It took a goddamn millenium, and no, this is NOT an official movie showing in-game content or the hottest new engine features. But nevertheless, I wanted to show you guys something. Just to for the fun (and to make clear we're doing something hehe).
While waiting for assets to finish the official movie -which will actually show in-game content of T22-, I made a little test myself. So expect "programmer-art", not a fully polished demo with extreme awesome horror moments. Also note that this demo was still made with the current/old Engine version, not the code I've announced in the previous post. But anyway, and also thanks to Cesar Alvarez who did the audio for this clip, the end result shouldn't be too shabby. Enjoy!
Any background info, about the applied techniques maybe? Well nothing truly new really, although the particle systems have been remade last year. Including an editor to define effects, and the capability of the particles to catch indirect light via a (partially pre-baked) probe grid. Another ancient but still useful feature that was implemented, are light-flares. Hmm? Didn't we already have those? Yes, no. Sprites have been there, but they did intersect with the surrounding geometry, giving a weird cut-off at some camera angles.
Let's see... Oh yeah, a tiny preview of FBX animations being pumped into the engine and used on a model... Usage of scripted triggers & path motions (moving our toy-train from A to B, with rotating wheels). Lens distortion halo's, some volumetric light with dust here and there, and the ability to (vertex)paint layers into the walls, floors and other surfaces. Check out the variations in the wallpapers for example.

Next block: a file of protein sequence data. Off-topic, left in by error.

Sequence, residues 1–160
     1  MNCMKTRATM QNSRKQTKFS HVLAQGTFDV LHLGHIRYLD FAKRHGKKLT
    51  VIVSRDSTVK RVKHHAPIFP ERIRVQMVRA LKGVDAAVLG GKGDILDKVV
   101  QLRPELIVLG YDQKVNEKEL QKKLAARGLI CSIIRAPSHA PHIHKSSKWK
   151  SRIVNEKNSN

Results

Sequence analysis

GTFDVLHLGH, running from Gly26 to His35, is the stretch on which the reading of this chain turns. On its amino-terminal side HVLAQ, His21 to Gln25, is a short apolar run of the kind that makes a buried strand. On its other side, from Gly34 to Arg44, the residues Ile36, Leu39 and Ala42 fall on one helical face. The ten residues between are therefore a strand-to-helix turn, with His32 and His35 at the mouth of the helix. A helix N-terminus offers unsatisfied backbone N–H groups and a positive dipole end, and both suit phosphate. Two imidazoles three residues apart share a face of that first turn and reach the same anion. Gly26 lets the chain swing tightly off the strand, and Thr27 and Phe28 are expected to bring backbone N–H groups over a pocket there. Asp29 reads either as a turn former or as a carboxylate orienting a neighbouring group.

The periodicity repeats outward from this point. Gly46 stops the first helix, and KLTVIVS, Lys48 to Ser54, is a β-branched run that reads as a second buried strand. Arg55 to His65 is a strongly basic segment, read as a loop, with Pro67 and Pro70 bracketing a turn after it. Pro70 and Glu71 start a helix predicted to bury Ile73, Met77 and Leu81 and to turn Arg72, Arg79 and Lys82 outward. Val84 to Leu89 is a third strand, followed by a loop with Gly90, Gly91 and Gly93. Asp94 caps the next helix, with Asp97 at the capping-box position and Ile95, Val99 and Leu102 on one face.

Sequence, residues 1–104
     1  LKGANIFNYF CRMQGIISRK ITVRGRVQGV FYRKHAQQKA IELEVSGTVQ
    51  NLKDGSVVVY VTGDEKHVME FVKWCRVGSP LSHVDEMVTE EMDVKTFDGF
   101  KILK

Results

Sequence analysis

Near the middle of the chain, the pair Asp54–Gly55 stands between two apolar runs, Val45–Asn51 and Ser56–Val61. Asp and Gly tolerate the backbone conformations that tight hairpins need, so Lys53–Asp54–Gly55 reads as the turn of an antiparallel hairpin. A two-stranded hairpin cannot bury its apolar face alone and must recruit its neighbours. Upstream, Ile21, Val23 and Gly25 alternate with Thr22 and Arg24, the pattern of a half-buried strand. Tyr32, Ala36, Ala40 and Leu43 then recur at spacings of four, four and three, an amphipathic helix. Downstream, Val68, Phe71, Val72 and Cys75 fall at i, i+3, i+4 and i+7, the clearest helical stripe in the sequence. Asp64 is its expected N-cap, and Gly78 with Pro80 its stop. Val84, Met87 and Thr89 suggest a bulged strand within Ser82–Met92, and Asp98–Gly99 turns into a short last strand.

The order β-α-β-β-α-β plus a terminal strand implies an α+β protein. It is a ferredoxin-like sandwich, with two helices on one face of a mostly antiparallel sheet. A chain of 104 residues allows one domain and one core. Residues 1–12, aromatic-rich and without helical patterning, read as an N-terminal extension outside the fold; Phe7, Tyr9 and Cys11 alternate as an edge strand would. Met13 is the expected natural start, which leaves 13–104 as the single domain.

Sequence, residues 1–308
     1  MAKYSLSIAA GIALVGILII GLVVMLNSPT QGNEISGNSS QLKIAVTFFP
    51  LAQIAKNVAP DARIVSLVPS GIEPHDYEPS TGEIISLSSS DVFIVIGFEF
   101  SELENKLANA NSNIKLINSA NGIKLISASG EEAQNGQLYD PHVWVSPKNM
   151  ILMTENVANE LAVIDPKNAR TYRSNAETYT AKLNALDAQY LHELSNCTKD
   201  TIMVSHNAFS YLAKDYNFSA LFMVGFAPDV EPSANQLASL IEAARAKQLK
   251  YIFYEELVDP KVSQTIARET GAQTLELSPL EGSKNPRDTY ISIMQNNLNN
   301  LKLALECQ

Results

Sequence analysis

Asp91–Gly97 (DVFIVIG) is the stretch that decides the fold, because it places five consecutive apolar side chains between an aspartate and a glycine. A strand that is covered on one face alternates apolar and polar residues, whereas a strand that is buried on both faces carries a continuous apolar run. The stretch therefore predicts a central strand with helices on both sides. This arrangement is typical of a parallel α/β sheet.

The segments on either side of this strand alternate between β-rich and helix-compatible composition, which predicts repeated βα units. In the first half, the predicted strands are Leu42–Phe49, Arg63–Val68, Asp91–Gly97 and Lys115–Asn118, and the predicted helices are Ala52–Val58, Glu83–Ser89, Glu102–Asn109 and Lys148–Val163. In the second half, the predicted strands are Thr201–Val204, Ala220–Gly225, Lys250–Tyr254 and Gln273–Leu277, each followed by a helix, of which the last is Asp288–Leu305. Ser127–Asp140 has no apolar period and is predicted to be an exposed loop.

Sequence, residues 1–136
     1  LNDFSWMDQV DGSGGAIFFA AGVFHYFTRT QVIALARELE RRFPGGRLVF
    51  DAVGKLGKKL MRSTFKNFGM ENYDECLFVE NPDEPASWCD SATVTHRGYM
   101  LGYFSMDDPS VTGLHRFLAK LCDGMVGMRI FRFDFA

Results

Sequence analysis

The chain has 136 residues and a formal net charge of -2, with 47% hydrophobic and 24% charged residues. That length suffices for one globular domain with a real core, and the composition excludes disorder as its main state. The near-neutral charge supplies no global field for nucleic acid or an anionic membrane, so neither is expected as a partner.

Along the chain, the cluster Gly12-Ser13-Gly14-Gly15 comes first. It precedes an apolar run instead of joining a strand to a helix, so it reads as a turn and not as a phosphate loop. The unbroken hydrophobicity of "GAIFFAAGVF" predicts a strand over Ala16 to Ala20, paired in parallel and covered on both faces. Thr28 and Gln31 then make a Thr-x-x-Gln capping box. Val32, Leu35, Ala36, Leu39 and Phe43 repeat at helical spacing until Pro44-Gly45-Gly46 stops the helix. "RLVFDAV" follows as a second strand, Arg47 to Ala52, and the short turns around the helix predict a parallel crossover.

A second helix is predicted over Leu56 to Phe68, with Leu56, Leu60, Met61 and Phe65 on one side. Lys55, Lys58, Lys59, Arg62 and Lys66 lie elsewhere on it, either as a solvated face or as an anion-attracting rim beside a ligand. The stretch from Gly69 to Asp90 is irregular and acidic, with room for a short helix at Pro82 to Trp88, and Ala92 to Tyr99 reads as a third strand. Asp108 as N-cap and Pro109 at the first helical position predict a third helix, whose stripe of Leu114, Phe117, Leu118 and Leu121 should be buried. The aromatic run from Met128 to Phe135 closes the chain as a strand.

Another invisible, but very useful feature, are "sector-boundaries". Sector what? The world you're seeing isn't just 1 big level, but a whole bunch of rooms and corridor pieces, called "sectors". Sectors and their contents (textures, objects, static geometry, ...) are loaded on the fly, in a background thread when approaching. Oh, and older sectors we left will be dumped sooner or later as well, to keep the memory usage somewhat low. Anyhow, in order to define in which sector we are at any given point in the world, each sector has 1 or more primitive shapes such as cubes, cylinders or spheres, that globally define the boundaries. This allows the engine to quickly determine where we are, as well as helping with the portal-culling mechanism.
Ok. And how about the jumps/crossovers between the "normal" and "altered' worlds in the demo? Recording twice and video-mixing with Blender :p
One last detail. People who paid attention may remember earlier blog-posts about this demo being mixed with an Audio Bullys track; "The Subway". Although I do have this Musical Demo in the vault here, I decided not to release it, and let Cesar play instead. The idea of asking AB for permission to use their track was a bit overwhelming, plus making a video-clip that really complements a music-track (or vice-versa) is fuck'n hard. Personally I found it pretty cool, but others would lift their shoulders and miss the link between the visuals and audio. Then looking back with a critical eye -and ear-, I understand why. Our game engine and editors aren't flashy music-clip editing tools to begin with, so especially the synchronisation and pacing were a bit dull, and the video tempo a bit too low to match with the bouncy beats. Well, who knows. Another day maybe.